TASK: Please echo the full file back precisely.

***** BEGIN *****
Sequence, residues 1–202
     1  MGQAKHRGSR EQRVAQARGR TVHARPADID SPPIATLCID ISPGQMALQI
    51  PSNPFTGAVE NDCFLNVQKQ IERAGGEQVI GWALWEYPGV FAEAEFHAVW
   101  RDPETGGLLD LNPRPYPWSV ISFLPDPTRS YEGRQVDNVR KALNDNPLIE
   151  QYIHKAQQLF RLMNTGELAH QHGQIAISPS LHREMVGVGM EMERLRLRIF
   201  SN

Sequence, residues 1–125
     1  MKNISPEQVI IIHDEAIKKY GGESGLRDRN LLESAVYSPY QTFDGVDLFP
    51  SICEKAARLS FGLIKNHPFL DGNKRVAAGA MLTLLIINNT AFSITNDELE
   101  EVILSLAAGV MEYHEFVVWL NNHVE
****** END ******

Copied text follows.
Sequence, residues 1–202
     1  MGQAKHRGSR EQRVAQARGR TVHARPADID SPPIATLCID ISPGQMALQI
    51  PSNPFTGAVE NDCFLNVQKQ IERAGGEQVI GWALWEYPGV FAEAEFHAVW
   101  RDPETGGLLD LNPRPYPWSV ISFLPDPTRS YEGRQVDNVR KALNDNPLIE
   151  QYIHKAQQLF RLMNTGELAH QHGQIAISPS LHREMVGVGM EMERLRLRIF
   201  SN

Sequence, residues 1–125
     1  MKNISPEQVI IIHDEAIKKY GGESGLRDRN LLESAVYSPY QTFDGVDLFP
    51  SICEKAARLS FGLIKNHPFL DGNKRVAAGA MLTLLIINNT AFSITNDELE
   101  EVILSLAAGV MEYHEFVVWL NNHVE